Cryptocracy #1 has a lot of work to do over the span of its lengthy 27 pages. Van Jensen's newest comic about the secret cabals behind the curtain of our world that pull the strings of nations, institutions, and even individual people creates a world of massive scope by virtue of the premise alone. As with any first issue, the need to establish the world and introduce characters winds up taking precedent. Jensen does some impressive work with the former, but as a result of spending so much time world building, the character work comes up a little short.
The story jumps between several different locations and events, all loosely connected by Grahame, a member of the Eighth Circle. Oh yeah, there are Nine Circles of power and influence, with Nine being the highest ranking and members of the Eighth Circle are… you know what, just read the very first page of the comic. The title page of Cryptocracy #1 has the fastest, cleanest, and most effective world building that I may have ever seen. It consists of a small diagram illustrating the Nine Circles and providing a brief description of what each Circle entails. It is as concise as it is effective. Without a single line of dialogue, so much of the world is established. The implications that the charts hint at are legitimately frightening, and having the page handy makes for a useful reference as you read through the comic.
Grahame is a member of the Mars Family, one of the Nine Families that rule the world, not to be confused with Nine Circles. The Families are the rulers; the Circles are the structures they follow. If this seems at all confusing, it is a testament to just how well Jensen builds his world. None of this is confusing as you read through. It's all established and easily referenced on literally the first page. He doubles down on exposition, with a lengthy conversation early on that more or less retreads information from the opening diagram. Some people might find that to be too much hand holding, but others may find it necessary in navigating this murky but rich world. Grahame and his cryptid, foul-mouthed companion Jason, a bugbear, are tasked with covering up an incident where an invisible hydra blew up two square miles of Illinois. Jason the Bugbear doesn't really sell the premise, but that's okay. He's comic relief, and this comic has a surprising amount of levity and laughs despite the darker subtexts of power and whether or not anybody has any real personal agency.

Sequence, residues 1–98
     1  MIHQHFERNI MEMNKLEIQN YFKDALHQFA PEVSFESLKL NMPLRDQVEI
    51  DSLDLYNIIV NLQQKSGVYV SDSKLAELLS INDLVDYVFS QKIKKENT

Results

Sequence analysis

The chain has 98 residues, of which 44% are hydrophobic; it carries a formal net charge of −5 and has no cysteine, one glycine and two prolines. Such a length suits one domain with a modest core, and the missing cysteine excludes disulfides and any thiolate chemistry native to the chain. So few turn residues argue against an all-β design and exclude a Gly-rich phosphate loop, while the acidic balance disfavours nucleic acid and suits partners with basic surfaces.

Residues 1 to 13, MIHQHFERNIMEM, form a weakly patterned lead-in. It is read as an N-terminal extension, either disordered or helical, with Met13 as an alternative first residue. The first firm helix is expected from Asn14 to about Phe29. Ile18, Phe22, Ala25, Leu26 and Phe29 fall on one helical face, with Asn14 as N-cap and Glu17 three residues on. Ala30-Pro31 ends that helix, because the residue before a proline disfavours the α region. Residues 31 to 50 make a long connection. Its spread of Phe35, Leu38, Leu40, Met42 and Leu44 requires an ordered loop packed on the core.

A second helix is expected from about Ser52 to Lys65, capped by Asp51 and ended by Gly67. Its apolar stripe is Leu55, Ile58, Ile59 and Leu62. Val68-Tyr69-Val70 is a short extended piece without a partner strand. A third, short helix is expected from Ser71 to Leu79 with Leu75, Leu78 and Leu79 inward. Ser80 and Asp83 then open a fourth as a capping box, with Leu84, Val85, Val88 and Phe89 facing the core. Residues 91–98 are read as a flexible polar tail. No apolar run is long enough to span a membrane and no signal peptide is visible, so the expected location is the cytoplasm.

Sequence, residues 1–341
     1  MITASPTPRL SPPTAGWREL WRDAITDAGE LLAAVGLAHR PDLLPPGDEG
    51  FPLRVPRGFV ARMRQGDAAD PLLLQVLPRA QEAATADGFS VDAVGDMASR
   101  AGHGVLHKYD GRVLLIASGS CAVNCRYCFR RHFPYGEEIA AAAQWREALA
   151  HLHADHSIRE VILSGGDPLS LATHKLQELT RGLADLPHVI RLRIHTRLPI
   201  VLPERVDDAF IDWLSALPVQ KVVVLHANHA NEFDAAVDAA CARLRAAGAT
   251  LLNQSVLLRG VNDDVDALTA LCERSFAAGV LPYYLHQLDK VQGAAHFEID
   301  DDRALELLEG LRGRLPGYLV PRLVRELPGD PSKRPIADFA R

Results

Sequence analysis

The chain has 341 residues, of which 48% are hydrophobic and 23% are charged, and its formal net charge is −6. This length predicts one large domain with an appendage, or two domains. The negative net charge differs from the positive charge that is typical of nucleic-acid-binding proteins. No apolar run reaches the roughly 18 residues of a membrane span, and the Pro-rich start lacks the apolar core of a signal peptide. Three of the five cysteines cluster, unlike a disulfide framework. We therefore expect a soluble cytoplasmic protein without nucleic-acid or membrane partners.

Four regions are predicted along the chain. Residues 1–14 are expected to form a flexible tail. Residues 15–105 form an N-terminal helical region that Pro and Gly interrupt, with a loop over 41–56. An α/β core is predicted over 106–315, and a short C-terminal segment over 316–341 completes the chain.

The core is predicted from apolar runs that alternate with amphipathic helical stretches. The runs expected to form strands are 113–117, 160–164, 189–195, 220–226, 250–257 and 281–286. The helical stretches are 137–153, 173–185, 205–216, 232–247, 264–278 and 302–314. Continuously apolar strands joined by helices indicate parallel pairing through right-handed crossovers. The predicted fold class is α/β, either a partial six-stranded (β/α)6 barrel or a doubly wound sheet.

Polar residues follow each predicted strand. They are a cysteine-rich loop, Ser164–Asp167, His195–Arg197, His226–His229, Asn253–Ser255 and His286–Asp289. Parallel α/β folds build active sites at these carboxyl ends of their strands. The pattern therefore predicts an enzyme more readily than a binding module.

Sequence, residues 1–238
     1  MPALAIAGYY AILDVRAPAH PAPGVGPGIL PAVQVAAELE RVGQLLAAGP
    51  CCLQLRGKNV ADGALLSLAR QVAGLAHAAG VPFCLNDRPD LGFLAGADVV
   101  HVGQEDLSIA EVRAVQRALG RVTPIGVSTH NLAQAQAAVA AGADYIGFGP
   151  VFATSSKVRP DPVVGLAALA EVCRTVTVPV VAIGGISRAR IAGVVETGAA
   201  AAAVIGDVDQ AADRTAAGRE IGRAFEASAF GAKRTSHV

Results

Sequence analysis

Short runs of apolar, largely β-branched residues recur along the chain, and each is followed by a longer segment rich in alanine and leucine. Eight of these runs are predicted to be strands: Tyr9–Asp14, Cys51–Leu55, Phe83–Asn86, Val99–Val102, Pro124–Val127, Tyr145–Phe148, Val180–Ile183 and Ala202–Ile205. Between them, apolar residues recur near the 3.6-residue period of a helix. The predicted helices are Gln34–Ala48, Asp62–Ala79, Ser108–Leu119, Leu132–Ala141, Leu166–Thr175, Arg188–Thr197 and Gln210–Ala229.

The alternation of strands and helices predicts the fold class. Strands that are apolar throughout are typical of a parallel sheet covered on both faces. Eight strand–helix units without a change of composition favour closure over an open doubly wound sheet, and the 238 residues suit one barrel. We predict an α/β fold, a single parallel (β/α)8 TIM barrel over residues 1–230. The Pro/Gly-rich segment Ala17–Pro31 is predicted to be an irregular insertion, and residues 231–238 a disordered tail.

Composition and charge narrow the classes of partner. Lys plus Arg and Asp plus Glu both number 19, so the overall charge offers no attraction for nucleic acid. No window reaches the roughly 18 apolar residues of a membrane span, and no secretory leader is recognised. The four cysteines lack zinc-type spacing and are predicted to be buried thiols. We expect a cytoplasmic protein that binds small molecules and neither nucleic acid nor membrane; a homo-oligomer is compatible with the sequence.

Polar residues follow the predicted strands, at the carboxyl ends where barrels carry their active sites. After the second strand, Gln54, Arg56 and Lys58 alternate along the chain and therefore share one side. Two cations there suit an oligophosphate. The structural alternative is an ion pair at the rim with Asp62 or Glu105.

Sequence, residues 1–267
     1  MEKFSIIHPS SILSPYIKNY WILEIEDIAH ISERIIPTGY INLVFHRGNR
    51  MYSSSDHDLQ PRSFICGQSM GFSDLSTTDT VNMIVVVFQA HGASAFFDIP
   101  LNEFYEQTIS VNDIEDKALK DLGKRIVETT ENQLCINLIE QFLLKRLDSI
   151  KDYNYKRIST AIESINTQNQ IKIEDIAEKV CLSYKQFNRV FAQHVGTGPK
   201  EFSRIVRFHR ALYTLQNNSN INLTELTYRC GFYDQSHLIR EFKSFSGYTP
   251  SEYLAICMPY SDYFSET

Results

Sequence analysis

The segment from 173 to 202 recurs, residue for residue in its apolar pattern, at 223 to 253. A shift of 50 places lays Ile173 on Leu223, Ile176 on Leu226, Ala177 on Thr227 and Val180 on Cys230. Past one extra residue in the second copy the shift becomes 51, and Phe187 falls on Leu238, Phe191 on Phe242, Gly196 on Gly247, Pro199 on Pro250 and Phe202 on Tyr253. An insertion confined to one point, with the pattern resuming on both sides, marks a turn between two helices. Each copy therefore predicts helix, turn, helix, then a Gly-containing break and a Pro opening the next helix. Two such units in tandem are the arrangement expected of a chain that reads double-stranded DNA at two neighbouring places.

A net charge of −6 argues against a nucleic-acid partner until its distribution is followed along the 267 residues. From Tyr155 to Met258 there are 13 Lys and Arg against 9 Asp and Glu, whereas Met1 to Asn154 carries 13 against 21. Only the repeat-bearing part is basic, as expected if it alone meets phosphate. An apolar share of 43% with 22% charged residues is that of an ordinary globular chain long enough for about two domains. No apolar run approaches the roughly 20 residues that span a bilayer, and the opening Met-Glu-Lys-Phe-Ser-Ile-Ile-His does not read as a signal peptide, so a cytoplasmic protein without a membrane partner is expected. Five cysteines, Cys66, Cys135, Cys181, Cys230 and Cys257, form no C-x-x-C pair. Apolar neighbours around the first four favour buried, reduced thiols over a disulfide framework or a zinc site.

There is one particular scene, however, where Jensen not only drops the ball, but also kicks it so far away from the field that nobody can have fun anymore. There is a scene where Grahame, who has been hosting her broadcasts on any Wi-Fi she can pirate, is caught by the owner of the property, who delivers a token threat of rape. I can't stress enough just how little it added to the scene — the sequence works and plays out in the exact same way if the man was instead simply angry that someone was trespassing on his property. The plot and characters gain nothing from implied rape threats. It is just cheap, as the host winds up kneeing her assailant in the grown and escaping before spewing off some genuinely bad dialogue with, "Avail yourself of an ice pack.” Seriously, not even fictional characters talk like this. The only other major misstep comes at the very end of the comic, when a hermit-looking man destroys the entire Jupiter Family. That scene is powerful. What follows is Grahame immediately jumping to the conclusion that somebody is hunting the families. What? He doesn't investigate or come up with any other solution. He determines that the Families are being hunted, because this is a comic book series and we need to establish the overall arc.
Pete Woods' art is impressive in just about every panel. In particular, the way he handles light and depth of focus help to give the comic a truly cinematic quality. The extent to which the art sells the story and the universe in which it inhabits is also noteworthy. As the story blends technology, magic, and cosmic forces, Woods finds ways to not just allow those separate elements to co-exist, but he makes them seem like the same thing from different perspectives. Grahame's plasma weapon, the mysterious figure with seemingly mystical properties that destroys the Jupiter Family, and the odd, invisible hydra that blows up two square miles of Illinois are all given a distinct bright glow that connects them, all of which sells the world that Jensen has created.
Cryptocracy #1 is flawed, but also wildly entertaining. There is an obvious urge to get the plot into a certain narrative place in order for not only the next issue, but also the entire series to take off. While that is sloppy, the places that the plot hints at going, especially with the letter that is included at the end alluding to the Tunguska event, are unique. It's clear that Jensen has a lot of really interesting ideas, and Woods' art matches him in terms of developing and maintaining something original. The series has a lot of potential, and with most of the exposition out of the way, I'm looking forward to learning more about the characters that Jensen has written.